The most expensive Emirati footballer in the world – in terms of transfer fees – arrived at Al-Ahli in summer 2014 for a huge 40m AED (£6.5m at the time) fee. A youth product of Dubai-based Al-Wasl, before moving onto fierce rivals Al-Nasr, Habib Fardan was in demand during the summer of 2014. But Fardan’s love for Dubai helped him pick Al-Ahli over Al-Jazira at the time.
After a disastrous start to his Al-Ahli career, Habib Fardan has never looked back. He’s put in great performances, whether helping his teammate Majed Hassan steady the ship in the centre or provide the attacking flair needed. After all, Al-Ahli did just make the Round of 16 by the skin of their teeth… and it happened after link up play between none other than Habib Fardan and Everton Ribeiro.
His role will all depend on how Cosmin employs the team against Guangzhou. A more attacking formation, or will Fardan resort to sitting back for most of the game?
Right-winger: Everton Ribeiro || Age: 26 | Number: 8
Arguably the best player in the team in terms of talent, Everton Ribeiro is a creative hub and one of the best players in the region. A Brazilian International often, Ribeiro provides the trickery found in a general attacking midfielder. However his versatility allows him to excel on the wings too, with crossing and set piece taking also some of his better traits.
Moreover, the way he links up with Lima and Sanqour on the right flank (or on the left too) is essentially a key for the Red Knights. Ribeiro is also not afraid to chip in with goals. At the current time of writing, he has 4 goals and 4 assists in 6 league appearances.
Left-winger: Ismaeel Al-Hammadi || Age: 27 | Number: 7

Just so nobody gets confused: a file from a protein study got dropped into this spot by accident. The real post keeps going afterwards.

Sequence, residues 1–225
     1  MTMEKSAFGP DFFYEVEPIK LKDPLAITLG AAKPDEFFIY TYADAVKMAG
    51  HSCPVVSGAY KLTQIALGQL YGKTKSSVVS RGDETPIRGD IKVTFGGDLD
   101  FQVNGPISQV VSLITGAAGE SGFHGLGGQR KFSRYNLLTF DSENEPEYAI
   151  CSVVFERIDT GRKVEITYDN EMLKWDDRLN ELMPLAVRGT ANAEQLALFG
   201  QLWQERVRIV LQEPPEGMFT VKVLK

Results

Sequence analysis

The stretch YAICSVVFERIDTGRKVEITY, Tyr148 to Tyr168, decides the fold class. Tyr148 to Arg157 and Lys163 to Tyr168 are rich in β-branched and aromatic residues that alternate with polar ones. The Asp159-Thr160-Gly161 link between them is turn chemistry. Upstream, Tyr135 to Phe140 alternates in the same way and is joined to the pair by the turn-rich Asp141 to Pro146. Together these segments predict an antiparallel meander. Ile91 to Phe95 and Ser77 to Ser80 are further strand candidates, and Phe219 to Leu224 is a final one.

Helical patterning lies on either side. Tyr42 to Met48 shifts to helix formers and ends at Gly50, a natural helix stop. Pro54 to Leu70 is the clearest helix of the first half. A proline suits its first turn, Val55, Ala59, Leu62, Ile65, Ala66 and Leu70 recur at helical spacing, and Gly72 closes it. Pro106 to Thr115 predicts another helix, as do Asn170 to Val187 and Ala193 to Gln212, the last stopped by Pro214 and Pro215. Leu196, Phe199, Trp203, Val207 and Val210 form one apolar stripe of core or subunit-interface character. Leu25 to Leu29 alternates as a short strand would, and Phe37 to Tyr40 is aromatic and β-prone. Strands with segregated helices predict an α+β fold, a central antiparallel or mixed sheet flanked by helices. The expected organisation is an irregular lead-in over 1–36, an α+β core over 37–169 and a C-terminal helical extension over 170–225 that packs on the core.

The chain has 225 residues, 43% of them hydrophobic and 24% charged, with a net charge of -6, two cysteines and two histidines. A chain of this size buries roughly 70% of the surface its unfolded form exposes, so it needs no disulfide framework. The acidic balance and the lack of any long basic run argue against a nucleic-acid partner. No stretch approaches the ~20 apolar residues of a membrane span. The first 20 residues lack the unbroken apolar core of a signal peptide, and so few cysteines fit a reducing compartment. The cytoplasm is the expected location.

Ismaeel Al-Hammadi has been a general right-winger, with his strong right foot, on the right side of the pitch for the last few years. You immediately get the gist that he is one-dimensional and a typical winger with pace as his best trait. However, Cosmin Olaroiu has deployed him at left wing and in attacking midfield to help him work on different variations of play, such as using his weaker foot, defending on different sides of the pitch and cutting inside rather than hugging the touchline.
Surprisingly, his performances have still been on relatively the same level if not better. In two games, Al-Hammadi has scored more league goals (4) than he did in the whole of the 2014-15 season (3).
Striker: Rodrigo Lima || Age: 32 | Number: 9
What a signing he has been, without a shadow of a doubt. 14 goals in 12 games at the current time of writing, at least one goal every game (not just on average, but he has literally scored in every single game since his arrival).
Lima hasn’t just brought goals to the Rashid Stadium, but his hold up play, pressing and good body frame has helped Al-Ahli immensely since the departure of injury-ridden Grafite. His ability to pop out from nowhere, command with the ball and score is no doubt a trait that Guangzhou need to be aware of. Furthermore, his movement is key to helping another key Al-Ahli attacker to grab his chance of goalscoring…
Striker: Ahmad Khalil || Age: 24 | Number: 11
Ahmad Khalil. “He’s either on or he’s off”, says Ali Khaled of the National. That statement is one we agree with. Khalil can either help Al-Ahli from out of nowhere (see 2 goals vs. Tractor Sazi to help Al-Ahli to the Round of 16, see 2 goals vs. UAE Champions Al-Ain to help Al-Ahli into quarter finals) or he can be the worst player on the pitch.
During the devastating 2014-15 season, Khalil was actually wanted out by a portion of fans. It’s rare to see a local player being wanted out, especially Khalil whose family has a legacy at Al-Ahli (his elder brothers, Faisal and Fouad).
Lima may see Al-Ahli grab a goal no matter the circumstance, but will Khalil provide the Lewandowski-like performance, or will he fall under the pressure?
Oussama Assaidi: Yes, for the majority of the AFCCL stages, Al-Ahli have been playing with only 3 foreigners. In West Asia – unless you’re Iran – it is considered a huge achievement. Assaidi brings pace and trickery to the field but also a significant lack of end product.
Abdulaziz Haikal: Energetic full back who can work on either end, but prone to mistakes and weak 1v1.
Humaid Abbas: A no-nonsense defensive midfielder that helps Al-Ahli keep structure by dropping into the pivot of the 4-3-3. He comes on later into games, to provide that needed security.